A typical disclosure from a Fannie Mae prospectus states, "The Certificates, together with interest thereon, are not guaranteed by the United States. The obligations of Fannie Mae are obligations solely of the corporation and do not constitute an obligation of the United States or any agency or any instrumentality thereof other than the corporation."
However, when push came to shove and the U.S. government (ex Treasury Secretary Paulson) did not dare insist on the explicit provision in the prospectus. Instead, late in 2008, the government decided to make the guarantee of Fannie/Freddie debt explicit. Later, the government also guaranteed debt of certain banks.

The US is in the exact position in which many poor borrowers find themselves: they don't know how they'll repay their debt tomorrow, but they really, really need the money just now. It is always easier to push the problem to the future, and borrow now. This does not work unless lenders evade too. Politicians are usually happy to evade this way, and to push any problem beyond the next election. In this case, the major lenders are politicians too, with foreign central banks holding large amounts of US government debt.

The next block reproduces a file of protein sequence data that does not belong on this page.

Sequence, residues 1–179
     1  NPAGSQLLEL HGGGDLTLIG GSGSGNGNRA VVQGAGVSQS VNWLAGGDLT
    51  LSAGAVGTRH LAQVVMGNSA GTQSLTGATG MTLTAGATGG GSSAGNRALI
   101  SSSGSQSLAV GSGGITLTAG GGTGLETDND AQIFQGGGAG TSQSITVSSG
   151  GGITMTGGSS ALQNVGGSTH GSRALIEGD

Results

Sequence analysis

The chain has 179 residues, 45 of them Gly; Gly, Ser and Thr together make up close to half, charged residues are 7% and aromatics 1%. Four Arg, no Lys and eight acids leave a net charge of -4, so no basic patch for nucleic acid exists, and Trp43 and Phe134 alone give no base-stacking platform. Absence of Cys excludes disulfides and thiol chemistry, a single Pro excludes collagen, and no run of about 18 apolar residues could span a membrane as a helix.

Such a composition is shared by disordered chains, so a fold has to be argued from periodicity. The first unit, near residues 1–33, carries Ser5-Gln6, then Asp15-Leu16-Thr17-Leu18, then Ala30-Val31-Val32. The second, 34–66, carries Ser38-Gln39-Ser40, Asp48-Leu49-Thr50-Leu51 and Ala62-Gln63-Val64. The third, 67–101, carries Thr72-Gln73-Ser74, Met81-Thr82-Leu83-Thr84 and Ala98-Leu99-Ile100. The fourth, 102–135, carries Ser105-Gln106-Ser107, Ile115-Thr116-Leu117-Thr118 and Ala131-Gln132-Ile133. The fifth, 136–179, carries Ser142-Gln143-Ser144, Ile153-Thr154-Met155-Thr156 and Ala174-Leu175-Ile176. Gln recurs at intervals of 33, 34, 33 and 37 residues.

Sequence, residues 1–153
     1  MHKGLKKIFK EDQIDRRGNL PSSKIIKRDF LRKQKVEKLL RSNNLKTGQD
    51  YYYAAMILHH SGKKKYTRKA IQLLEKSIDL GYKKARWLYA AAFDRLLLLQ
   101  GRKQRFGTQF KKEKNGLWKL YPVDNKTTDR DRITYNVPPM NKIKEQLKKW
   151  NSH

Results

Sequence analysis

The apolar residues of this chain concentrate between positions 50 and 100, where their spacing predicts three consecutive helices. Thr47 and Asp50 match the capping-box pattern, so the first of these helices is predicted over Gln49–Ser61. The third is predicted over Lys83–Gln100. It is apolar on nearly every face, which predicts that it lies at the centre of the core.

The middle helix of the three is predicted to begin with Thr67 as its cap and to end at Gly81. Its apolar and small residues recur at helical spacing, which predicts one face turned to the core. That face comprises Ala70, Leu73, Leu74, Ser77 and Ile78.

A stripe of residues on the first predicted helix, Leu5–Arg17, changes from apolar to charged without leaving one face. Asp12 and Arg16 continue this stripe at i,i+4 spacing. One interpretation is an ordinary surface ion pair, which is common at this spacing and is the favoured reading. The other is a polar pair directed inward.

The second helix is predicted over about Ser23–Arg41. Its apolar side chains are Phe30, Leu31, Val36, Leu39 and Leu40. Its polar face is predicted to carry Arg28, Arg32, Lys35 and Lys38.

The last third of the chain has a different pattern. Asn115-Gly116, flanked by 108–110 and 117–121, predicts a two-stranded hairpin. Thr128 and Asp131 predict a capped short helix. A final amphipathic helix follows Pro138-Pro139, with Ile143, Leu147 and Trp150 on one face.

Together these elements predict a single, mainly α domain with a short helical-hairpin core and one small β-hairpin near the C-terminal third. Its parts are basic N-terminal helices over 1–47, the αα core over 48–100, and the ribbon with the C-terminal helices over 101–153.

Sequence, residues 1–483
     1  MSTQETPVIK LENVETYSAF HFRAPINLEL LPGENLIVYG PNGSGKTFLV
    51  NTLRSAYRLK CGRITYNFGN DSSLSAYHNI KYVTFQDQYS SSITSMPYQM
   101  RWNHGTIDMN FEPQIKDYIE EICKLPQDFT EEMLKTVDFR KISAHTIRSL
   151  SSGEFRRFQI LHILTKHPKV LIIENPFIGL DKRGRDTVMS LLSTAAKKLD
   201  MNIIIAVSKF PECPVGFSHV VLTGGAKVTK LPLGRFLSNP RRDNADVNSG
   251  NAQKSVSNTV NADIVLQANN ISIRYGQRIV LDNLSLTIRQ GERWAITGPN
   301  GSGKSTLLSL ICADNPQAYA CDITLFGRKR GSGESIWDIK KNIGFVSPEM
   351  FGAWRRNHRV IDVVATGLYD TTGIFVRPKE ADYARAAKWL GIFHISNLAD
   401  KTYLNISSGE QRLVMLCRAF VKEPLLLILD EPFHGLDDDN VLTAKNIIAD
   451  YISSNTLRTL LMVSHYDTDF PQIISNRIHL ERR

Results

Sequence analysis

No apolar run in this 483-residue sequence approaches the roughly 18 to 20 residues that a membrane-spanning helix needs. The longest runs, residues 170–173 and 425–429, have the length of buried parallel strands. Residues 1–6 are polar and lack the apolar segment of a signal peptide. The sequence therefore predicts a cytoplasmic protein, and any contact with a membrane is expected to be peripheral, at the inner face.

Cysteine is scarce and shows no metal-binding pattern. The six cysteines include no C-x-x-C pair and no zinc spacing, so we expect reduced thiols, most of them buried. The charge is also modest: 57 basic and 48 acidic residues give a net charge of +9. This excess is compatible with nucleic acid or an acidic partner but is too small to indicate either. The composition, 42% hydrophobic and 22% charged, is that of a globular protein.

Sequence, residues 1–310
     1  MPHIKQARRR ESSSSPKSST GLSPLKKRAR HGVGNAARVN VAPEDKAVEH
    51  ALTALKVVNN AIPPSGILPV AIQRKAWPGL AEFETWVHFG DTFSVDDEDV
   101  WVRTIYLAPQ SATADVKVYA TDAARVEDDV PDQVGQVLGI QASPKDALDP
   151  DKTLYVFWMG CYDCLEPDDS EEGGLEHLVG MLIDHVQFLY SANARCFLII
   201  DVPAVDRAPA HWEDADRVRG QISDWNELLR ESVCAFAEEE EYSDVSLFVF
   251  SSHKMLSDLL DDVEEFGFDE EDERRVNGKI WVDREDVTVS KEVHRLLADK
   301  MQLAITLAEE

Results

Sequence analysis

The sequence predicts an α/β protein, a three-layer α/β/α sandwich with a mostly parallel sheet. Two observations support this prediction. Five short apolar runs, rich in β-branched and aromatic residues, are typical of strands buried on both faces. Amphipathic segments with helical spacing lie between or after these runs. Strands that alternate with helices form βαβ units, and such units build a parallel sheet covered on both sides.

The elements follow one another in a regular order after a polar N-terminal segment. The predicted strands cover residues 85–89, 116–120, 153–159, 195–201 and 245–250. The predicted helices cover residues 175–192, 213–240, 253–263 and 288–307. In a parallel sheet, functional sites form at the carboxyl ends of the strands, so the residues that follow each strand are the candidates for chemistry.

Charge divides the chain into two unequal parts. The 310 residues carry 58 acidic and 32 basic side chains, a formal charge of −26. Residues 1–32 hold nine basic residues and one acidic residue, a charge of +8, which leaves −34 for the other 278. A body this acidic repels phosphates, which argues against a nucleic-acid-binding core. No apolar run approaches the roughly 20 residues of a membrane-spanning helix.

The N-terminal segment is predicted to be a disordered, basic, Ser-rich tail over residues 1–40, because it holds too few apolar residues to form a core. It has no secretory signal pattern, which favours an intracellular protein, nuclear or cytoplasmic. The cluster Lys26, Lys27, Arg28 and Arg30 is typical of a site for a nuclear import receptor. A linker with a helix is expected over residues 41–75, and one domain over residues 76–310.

As a U.S. taxpayer, I will end up paying for this evasion. Continued evasion simply means that the U.S. will be encouraged to borrow more, and to inflate more, and waste more. The solution is simple: recognize the problem now, and begin to deal with it. A default would be a rude wake-up call: something that nobody could evade. It would make the poor creditworthiness of the U.S. government explicit. If we need a default to scare everyone into action before things get still worse, a default would be a lesser evil.

Fannie/Freddie debt was different from direct U.S. government debt, because it did not have an explicit government gurantee. This is debt the government did not have to take on. This debt would have been the ideal candidate for a default, because it could be done while upholding true government debt. Even a small gesture -- for instance, if the government had said they would guarantee a part (say 80%) of the Fannie/Freddie debt -- would have put lenders on notice.